[Numpy-discussion] strange sin/cos performance

Andrew Friedley afriedle@indiana....
Mon Aug 3 09:08:42 CDT 2009

Thanks for the quick responses.

David Cournapeau wrote:
> On Mon, Aug 3, 2009 at 10:32 PM, Andrew Friedley<afriedle@indiana.edu> wrote:
>> While working on GSoC stuff I came across this weird performance behavior
>> for sine and cosine -- using float32 is way slower than float64.  On a 2ghz
>> opteron:
>> sin float32 1.12447786331
>> sin float64 0.133481025696
>> cos float32 1.14155912399
>> cos float64 0.131420135498
> Which OS are you on ? FWIW, on max os x, with recent svn checkout, I
> get expected results (float32 ~ twice faster).

The numbers above are on linux, RHEL 5.2.  The PS3 is running Fedora 9 I 
think.  I just ran on a PPC OSX 10.5 system:

sin float32 0.111793041229
sin float64 0.0902218818665
cos float32 0.112202882767
cos float64 0.0917768478394

Much more reasonable, but still not what I'd expect or what you seem to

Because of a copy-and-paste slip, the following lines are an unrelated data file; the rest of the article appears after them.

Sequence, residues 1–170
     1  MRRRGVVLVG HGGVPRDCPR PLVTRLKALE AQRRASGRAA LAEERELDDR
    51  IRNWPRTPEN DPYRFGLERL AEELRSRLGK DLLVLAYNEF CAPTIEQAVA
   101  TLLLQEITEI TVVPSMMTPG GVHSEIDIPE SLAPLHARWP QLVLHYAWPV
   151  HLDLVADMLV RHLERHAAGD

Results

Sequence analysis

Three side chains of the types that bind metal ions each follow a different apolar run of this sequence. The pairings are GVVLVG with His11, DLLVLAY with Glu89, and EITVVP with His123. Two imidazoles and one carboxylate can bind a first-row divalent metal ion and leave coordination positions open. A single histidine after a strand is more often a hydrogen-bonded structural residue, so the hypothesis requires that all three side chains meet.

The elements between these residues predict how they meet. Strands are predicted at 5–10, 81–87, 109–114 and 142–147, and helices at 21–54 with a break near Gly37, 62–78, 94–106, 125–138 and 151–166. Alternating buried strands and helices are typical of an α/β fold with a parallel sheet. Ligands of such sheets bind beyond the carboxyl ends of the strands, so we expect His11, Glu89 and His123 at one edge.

>> The times are in seconds, and are best of three runs of ten iterations of
>> numpy.{sin,cos} over a 1000-element array (script attached).  I've produced
>> similar results on a PS3 system also.  The opteron is running Python 2.6.1
>> and NumPy 1.3.0, while the PS3 has Python 2.5.1 and NumPy 1.1.1.
>> I haven't jumped into the code yet, but does anyone know why sin/cos are
>> ~8.5x slower for 32-bit floats compared to 64-bit doubles?
> My guess would be that you are on a platform where there is no sinf,
> and our sinf replacement is bad for some reason.

I think linux has sinf, is there a quick/easy way to check if numpy is 
using it?

>> Side question:  I see people in emails writing things like 'timeit foo(x)'
>> and having it run some sort of standard benchmark, how exactly do I do that?
>>  Is that some environment other than a normal Python?
> Yes, that's in ipython.

Thanks for the pointer.


More information about the NumPy-Discussion mailing list